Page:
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A heart in the right place

Teacher emphasizes student awareness of COVID losses.

A Marlton teacher and her students are making people aware of the lives lost to COVID by placing yellow hearts on windows in their school, as both a tribute and a reminder that the virus is still a threat.

Several organizations have used the yellow heart symbol to signify a loss directly attributed to COVID. Last month, St. Joan of Arc School art teacher Lori Filipek had her students create the hearts to emphasize the number of lives lost in the pandemic. The issue was personal for her: Filipek lost her mother to the virus early last year. 

The teacher said she wanted her students to do the activity as a way to remind people that, despite fewer cases and restrictions, the virus remains a threat that has affected millions of people, including survivors whose symptoms linger.

“(As the mask mandate ended), I felt like some people thought (the pandemic) was over, and I wanted us to have a way to remember the people who have passed and bring awareness to the people still struggling,” Filipek explained.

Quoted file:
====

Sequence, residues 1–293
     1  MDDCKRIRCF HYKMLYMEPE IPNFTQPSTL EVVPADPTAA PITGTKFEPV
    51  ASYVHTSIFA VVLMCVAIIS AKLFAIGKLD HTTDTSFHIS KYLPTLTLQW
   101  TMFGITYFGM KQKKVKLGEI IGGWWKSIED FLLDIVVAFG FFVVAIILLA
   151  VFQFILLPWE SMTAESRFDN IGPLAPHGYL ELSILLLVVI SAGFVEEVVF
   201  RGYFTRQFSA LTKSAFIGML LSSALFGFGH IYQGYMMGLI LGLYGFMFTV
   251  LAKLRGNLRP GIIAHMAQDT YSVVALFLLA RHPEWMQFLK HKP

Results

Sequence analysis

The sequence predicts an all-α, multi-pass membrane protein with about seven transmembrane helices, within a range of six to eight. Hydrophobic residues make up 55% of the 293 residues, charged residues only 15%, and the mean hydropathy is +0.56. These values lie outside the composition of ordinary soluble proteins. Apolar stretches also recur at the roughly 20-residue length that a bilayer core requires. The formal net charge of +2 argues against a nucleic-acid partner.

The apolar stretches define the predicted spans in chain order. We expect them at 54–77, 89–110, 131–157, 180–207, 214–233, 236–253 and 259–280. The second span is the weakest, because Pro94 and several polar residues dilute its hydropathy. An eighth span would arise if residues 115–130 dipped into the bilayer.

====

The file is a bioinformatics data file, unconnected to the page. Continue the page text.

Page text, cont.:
“I just wanted kids to be aware that the yellow heart is a symbol to remember that.”

Lisa Guirguis, Filipek’s sister, said that since their mom’s passing, her sister has tried  to find something for her students to do that would bring awareness of COVID deaths, and  she noted that the hearts’ window placement make it easier for parents to see them.

“We’ve lost nearly one million people at this point, so she just wanted to do something simple but memorable,” Guirguis noted. “So (Filipek) asked each student to draw a little yellow heart, and then she attached the hearts to the windows of each classroom.

“The principal had shared the activity with the (students’) families, so that they would be able to see the yellow hearts adorned on the windows when they’re picking their children up,” she added. 

Filipek said student responses to the activity were positive, as the classroom discussed how the virus has impacted their lives and families.

“We talked about it,” the teacher said. “It really gave me the chance to open the door and find out how it affected (students) families as well. It was a way for us to communicate, because it doesn’t seem like people really like to talk about it, so I thought it was a good thing that the students could discuss it if they chose to.”

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